Hawai‘ian Creole, inaccurately called Hawai‘ian Pidgin English, or simply Pidgin, is based on English and a number of other languages spoken in Hawai’i. It is not the same language as Hawai’ian, an Austronesian language spoken by the indigenous inhabitants of the islands. Hawai‘ian Creole is spoken by Hawai’ian-born residents on all Hawai’ian islands as well as on the U.S. mainland.
Hawai‘ian Creole grew out of the Pidgin Hawai’ian originally used as a common language in the sugar and pineapple plantations by workers who came from a variety of language backgrounds. As a result, it was influenced by many languages, including English, Hawai’ian, Portuguese, Spanish, Cantonese, Ilocano, Korean, Okinawan, and Japanese. In the 19th and 20th centuries, Hawai’ian Pidgin spread from the plantations into urban areas and became the primary means of communication among different ethnic groups. Public school children learned it from their classmates, and eventually it became the primary language of most people in Hawai‘i, replacing their original languages. For this reason, linguists consider Hawai’ian Pidgin to be a creole language.
Although English and Hawai’ian are the two co-official languages of the State of Hawai‘i, most people raised in Hawai‘i can speak and understand Hawai’ian Creole to some extent. It is widely used by Hawai’i’s residents in a variety of situations. Many speakers code-switch between Standard American English and Hawai’ian Creole, depending on the situation. Some speakers, particularly those at the lower socio-economic levels, speak Creole only, whereas the speech of others closely approximates Standard American English. Hawai’ian Creole at the lower boundary is generally considered to be substandard, and its use is usually associated with low socio-economic and educational status. It is often perceived as an obstacle to success in education and in the workforce. Its role vis-à-vis standard English in the schools of Hawai‘i has been a subject of continued debate. Nevertheless, some knowledge of Hawai’ian Creole is thought by many to be an important part of being considered a kama’aina ‘local’.
Hawai’ian Creole is a continuum of dialects ranging from creole to Standard American English.
The most notable features of Hawai’ian Creole are the following:
- It has syllable-timed rhythm which means that all syllables have approximately the same length (similarly to Spanish, Italian, and many South Asian languages). Standard American English, on the other hand, has stress-timed rhythm which means that stressed syllables are longer than unstressed ones.
- The sound /θ/ as in thin and the sound /ð/ as in then are replaced by /t/ and /d/ respectively, e.g., thin is pronounced as /tin/ and then is pronounced as /den/.
- The article the is pronounced as /da/.
- The sound /r/ after vowels is dropped, e.g., better is pronounced as /beta/.
- Questions are marked with a falling intonation unlike Standard American English where questions are marked with a rising tone.
The grammar of Hawai’ian Creole also differs from Standard American English in several ways, a few of which are outlined below:
- The copula verb to be is dropped when referring to inherent qualities, e.g., Da baby cute ‘the baby is cute’.
- The verb stay is used in place of to be when referring to temporary states or locations, e.g., Da book stay on top da table ‘The book is on top of the table’.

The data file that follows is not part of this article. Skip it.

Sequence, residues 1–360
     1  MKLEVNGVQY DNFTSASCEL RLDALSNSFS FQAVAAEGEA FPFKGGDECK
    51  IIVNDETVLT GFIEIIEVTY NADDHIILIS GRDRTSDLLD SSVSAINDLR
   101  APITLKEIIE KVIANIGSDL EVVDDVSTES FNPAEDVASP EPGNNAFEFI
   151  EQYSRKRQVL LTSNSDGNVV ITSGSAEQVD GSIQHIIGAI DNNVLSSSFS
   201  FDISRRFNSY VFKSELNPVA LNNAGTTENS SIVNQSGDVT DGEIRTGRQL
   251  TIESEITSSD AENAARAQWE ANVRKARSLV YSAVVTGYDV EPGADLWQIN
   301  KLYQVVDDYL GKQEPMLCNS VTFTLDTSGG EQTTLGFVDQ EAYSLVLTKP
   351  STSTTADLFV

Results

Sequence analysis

- Prepositions are often dropped, as in the example above on top da table ‘top of the table’.
- Past tense is represented by wen ‘went’ before the verb, e.g., Da baby wen cry ‘The baby cried’.
- Future tense is represented by the word goin ‘going’ before the verb, e.g., Da baby goin eat ‘The baby will (is going to) eat’.
- Verb negation is expressed by the word neva ‘never’ in front of the verb, e.g., Da baby neva like poi ‘The baby didn’t like poi’.” This can be confusing because it can also mean ‘The baby never liked poi’.
- Fo ‘for’ is used instead of ‘to’ after verbs, e.g.,Go click fo go to da page ‘Click to go to the page’.
Hawai’ian Creole vocabulary is based on English but it has absorbed words from many languages.
Here are a few examples of loanwords:
|malasada||small doughnut without a hole|
|paniolo||cowboy (from Español, i.e., Mexican vaquero)|
|musubi||triangle-shaped rice ball|
|lumpia||Filipino egg roll|
And finally, the ubiquitous da kine which ranges in meaning from ‘kind of’ to ‘whatchamacallit’ whose origins remain unknown.
Hawai’ian Creole is written with the standard English alphabet. There is no standardized spelling since it is primarily a spoken and not a written language. In recent years, Hawai’ian writers have written poems, short stories, and plays in Hawai’ian Creole. Among them are well-known Hawai’i authors such as Japanese Hawai’ian poet and novelist Lois-Ann Yamanaka and Lee Tonouchi. Several theater companies in Hawai’i produce plays written and performed in Creole. The most notable of these companies is Kumu Kahua Theater.
A number of Hawaiian words have entered the American English lexicon, principally through Hawaiian Creole. Below are just a few of them.
|aloha||‘hello, goodbye, love’|
|haole||person of European origin|
|hula||an ancient Hawaiian dance that tells a story through movement.|
|kahuna||Hawaiian priest or wizard; also used in the slang phrase ‘big kahuna’|
|poi||thick paste made from the fermented corm of the taro plant|
|ukulele||a musical instrument; literally ‘jumping flea’|
|wiki||‘fast’, as in Wikipedia|
How difficult is it to learn Hawai’ian Creole?
There is no data on its difficulty for speakers of Standard English.